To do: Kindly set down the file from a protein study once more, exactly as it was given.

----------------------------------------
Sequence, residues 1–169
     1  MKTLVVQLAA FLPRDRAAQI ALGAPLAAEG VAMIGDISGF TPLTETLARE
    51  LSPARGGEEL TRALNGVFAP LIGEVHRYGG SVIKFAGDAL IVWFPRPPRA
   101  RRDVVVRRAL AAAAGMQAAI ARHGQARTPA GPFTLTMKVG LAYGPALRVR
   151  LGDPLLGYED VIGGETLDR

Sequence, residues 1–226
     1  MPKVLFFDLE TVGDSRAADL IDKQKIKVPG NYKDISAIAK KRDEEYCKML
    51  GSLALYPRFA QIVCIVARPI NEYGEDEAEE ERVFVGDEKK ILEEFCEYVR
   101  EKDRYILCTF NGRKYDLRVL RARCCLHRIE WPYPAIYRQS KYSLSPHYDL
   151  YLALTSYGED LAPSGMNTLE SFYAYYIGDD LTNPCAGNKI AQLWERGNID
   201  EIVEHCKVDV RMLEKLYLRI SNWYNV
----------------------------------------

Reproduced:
Sequence, residues 1–169
     1  MKTLVVQLAA FLPRDRAAQI ALGAPLAAEG VAMIGDISGF TPLTETLARE
    51  LSPARGGEEL TRALNGVFAP LIGEVHRYGG SVIKFAGDAL IVWFPRPPRA
   101  RRDVVVRRAL AAAAGMQAAI ARHGQARTPA GPFTLTMKVG LAYGPALRVR
   151  LGDPLLGYED VIGGETLDR

Sequence, residues 1–226
     1  MPKVLFFDLE TVGDSRAADL IDKQKIKVPG NYKDISAIAK KRDEEYCKML
    51  GSLALYPRFA QIVCIVARPI NEYGEDEAEE ERVFVGDEKK ILEEFCEYVR
   101  EKDRYILCTF NGRKYDLRVL RARCCLHRIE WPYPAIYRQS KYSLSPHYDL
   151  YLALTSYGED LAPSGMNTLE SFYAYYIGDD LTNPCAGNKI AQLWERGNID
   201  EIVEHCKVDV RMLEKLYLRI SNWYNV